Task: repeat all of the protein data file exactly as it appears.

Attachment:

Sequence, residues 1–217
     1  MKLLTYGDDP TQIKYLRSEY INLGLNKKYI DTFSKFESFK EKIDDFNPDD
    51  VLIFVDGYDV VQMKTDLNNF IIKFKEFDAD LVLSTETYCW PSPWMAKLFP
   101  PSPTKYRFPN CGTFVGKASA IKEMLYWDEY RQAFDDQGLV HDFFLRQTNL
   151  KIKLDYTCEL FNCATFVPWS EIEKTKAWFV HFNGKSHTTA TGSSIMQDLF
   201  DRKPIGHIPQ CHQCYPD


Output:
Sequence, residues 1–217
     1  MKLLTYGDDP TQIKYLRSEY INLGLNKKYI DTFSKFESFK EKIDDFNPDD
    51  VLIFVDGYDV VQMKTDLNNF IIKFKEFDAD LVLSTETYCW PSPWMAKLFP
   101  PSPTKYRFPN CGTFVGKASA IKEMLYWDEY RQAFDDQGLV HDFFLRQTNL
   151  KIKLDYTCEL FNCATFVPWS EIEKTKAWFV HFNGKSHTTA TGSSIMQDLF
   201  DRKPIGHIPQ CHQCYPD